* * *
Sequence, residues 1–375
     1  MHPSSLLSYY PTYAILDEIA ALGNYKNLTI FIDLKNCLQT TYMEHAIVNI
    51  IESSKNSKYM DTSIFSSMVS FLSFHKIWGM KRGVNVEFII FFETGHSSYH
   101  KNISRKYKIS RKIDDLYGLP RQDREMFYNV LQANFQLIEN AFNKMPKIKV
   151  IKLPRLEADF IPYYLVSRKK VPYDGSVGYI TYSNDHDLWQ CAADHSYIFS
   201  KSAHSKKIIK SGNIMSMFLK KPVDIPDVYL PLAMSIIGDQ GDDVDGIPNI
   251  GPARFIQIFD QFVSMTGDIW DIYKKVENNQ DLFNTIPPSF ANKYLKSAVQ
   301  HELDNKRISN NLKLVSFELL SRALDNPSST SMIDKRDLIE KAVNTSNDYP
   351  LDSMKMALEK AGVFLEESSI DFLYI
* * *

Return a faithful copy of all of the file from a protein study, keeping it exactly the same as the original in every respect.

Sequence, residues 1–375
     1  MHPSSLLSYY PTYAILDEIA ALGNYKNLTI FIDLKNCLQT TYMEHAIVNI
    51  IESSKNSKYM DTSIFSSMVS FLSFHKIWGM KRGVNVEFII FFETGHSSYH
   101  KNISRKYKIS RKIDDLYGLP RQDREMFYNV LQANFQLIEN AFNKMPKIKV
   151  IKLPRLEADF IPYYLVSRKK VPYDGSVGYI TYSNDHDLWQ CAADHSYIFS
   201  KSAHSKKIIK SGNIMSMFLK KPVDIPDVYL PLAMSIIGDQ GDDVDGIPNI
   251  GPARFIQIFD QFVSMTGDIW DIYKKVENNQ DLFNTIPPSF ANKYLKSAVQ
   301  HELDNKRISN NLKLVSFELL SRALDNPSST SMIDKRDLIE KAVNTSNDYP
   351  LDSMKMALEK AGVFLEESSI DFLYI